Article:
5
$\begingroup$

This question already has an answer here:

Prove that $$\sin\left(\frac{\pi}{n}\right)\sin\left(\frac{2\pi}{n}\right)\sin\left(\frac{3\pi}{n}\right).....\sin\left(\frac{(n-1)\pi}{n}\right)=\frac{n}{2^{n-1}}$$

Is there a proof without using complex numbers and $n-th$ roots of unity.

$\endgroup$

marked as duplicate by gen-z ready to perish, Nosrati, YuiTo Cheng, Lord Shark the Unknown, Shailesh Jun 22 at 5:38

This question has been asked before and already has an answer. If those answers do not fully address your question, please ask a new question.

5
$\begingroup$

The following is the simplest proof I know. We have the identity \begin{equation} x^{2n} - 2x^n y^n \cos n\theta + y^{2n} = \bigg\{x^2 -2xy \cos \theta + y^2\bigg\}\bigg\{x^2-2xy \cos \bigg(\theta+\frac{2\pi}{n}\bigg)+y^2\bigg\}\cdots \end{equation} to $n$ factors adding $2\pi/n$ to each angle successively. This can be seen by noting the LHS and RHS share the same roots in $x$ using complex numbers, but given complex numbers are a trigonometric convenience I imagine there's a non-complex way to arrive at the identity. Let $x=y=1$, $\theta = 2\phi$, and apply $1-\cos\theta = 2\sin(\theta/2)$ \begin{equation} \sin n\phi = 2^{n-1} \sin \phi \sin\bigg(\phi + \frac{\pi}{n}\bigg)\sin\bigg(\phi + \frac{2\pi}{n}\bigg) \cdots \sin\bigg(\phi + \frac{(n-1)\pi}{n}\bigg) \end{equation} Divide by $\sin \phi$ and let $\phi \rightarrow 0$ to get the equation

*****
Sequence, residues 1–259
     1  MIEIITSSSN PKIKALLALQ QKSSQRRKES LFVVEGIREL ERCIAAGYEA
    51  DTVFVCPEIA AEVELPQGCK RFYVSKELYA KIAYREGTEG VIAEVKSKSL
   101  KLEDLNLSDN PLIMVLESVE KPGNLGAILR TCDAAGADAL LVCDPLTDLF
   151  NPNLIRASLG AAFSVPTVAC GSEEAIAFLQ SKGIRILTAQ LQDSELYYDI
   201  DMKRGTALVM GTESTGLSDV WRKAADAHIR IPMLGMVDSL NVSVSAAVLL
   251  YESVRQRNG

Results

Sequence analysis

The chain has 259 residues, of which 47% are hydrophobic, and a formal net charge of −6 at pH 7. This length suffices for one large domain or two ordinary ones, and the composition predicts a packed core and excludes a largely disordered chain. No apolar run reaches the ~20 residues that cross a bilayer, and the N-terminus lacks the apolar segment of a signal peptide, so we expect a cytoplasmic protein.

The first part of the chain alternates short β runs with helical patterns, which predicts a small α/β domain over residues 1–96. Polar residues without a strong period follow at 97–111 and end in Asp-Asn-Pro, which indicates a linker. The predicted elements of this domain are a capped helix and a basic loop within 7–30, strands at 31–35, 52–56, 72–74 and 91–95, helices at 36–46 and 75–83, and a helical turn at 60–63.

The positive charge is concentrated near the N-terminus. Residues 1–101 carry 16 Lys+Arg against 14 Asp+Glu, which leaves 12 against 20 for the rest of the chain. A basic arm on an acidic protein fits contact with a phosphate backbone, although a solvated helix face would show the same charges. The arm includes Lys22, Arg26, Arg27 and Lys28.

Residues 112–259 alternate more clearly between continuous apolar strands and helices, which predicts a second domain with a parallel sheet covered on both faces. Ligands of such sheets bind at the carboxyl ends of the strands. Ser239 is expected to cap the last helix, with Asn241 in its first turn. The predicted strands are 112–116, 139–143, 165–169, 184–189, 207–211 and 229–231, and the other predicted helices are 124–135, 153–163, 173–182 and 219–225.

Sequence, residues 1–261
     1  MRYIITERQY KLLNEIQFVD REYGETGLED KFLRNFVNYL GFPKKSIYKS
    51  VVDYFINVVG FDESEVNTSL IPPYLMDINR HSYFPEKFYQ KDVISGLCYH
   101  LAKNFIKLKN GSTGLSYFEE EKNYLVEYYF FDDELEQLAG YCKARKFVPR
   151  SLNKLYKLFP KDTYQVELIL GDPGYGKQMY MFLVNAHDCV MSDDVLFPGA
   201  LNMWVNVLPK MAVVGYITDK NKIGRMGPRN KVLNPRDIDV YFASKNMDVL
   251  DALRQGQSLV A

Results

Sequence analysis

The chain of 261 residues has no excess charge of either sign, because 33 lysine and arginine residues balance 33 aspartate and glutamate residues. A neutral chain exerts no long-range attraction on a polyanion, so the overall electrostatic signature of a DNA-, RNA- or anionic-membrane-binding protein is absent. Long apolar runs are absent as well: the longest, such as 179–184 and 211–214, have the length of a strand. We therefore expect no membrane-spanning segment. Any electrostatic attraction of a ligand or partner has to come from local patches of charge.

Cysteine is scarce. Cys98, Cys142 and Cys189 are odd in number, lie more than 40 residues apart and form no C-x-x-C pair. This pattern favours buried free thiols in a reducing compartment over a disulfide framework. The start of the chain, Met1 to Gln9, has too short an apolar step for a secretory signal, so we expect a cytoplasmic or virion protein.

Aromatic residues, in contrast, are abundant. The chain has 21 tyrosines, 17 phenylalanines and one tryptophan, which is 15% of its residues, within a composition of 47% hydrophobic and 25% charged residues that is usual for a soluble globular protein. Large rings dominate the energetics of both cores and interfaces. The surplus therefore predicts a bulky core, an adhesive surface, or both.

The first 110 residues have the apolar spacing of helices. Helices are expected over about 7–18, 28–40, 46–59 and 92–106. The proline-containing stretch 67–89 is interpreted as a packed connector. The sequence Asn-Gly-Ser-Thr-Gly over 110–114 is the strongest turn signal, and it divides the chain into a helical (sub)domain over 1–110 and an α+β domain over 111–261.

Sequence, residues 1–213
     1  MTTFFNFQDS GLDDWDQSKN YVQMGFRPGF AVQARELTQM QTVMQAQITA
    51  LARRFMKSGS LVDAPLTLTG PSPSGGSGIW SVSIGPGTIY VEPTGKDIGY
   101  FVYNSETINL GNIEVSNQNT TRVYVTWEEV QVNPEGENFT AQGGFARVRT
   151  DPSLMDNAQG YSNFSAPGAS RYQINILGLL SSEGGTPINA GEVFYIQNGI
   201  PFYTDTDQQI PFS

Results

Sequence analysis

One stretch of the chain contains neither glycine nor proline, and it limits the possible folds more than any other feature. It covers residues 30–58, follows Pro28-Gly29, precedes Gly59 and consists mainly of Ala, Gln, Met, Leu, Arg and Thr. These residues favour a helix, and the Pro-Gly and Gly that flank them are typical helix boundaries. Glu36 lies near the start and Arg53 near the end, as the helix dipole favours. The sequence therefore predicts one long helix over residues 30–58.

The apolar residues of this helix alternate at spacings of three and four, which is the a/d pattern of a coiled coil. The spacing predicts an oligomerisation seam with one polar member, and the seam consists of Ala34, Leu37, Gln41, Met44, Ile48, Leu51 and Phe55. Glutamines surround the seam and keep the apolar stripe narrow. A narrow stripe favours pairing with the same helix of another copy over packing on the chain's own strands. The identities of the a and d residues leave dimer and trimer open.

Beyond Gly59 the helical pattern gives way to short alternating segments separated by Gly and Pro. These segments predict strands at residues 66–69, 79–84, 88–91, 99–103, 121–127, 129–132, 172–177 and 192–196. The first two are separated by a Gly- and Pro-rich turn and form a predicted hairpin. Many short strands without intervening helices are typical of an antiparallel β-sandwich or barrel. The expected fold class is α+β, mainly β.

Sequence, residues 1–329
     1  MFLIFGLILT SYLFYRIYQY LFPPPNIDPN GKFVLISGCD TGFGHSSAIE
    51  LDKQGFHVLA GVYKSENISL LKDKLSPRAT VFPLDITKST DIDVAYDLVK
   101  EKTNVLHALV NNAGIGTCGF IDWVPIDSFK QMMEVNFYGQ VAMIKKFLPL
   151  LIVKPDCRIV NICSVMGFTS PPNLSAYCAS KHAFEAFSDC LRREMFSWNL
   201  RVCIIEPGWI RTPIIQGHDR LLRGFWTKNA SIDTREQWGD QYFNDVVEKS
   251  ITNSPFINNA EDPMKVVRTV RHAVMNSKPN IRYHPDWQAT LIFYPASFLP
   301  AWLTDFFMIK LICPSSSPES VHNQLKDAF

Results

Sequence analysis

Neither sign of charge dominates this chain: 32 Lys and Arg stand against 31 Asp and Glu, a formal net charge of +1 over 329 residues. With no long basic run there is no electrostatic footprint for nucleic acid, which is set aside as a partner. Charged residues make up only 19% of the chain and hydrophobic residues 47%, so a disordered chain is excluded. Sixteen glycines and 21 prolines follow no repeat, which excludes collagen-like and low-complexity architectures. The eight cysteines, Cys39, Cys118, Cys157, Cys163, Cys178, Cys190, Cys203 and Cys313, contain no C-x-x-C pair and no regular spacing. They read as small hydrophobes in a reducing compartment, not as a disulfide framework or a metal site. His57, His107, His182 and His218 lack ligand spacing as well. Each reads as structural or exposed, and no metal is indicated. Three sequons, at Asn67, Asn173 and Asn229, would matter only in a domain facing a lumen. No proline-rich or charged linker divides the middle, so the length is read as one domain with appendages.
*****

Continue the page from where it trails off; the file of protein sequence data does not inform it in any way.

$\endgroup$
0
$\begingroup$

Hint: Observe that we have $$ z^{n-1}+\cdots+z+1=\bigg(z-\exp(\frac{2\pi i}n)\bigg)\cdots\bigg(z-\exp(\frac{2\pi i(n-1)}n)\bigg) $$ Now let $z=1$ and use some trigonometry at the righthand side...

$\endgroup$

Not the answer you're looking for? Browse other questions tagged or ask your own question.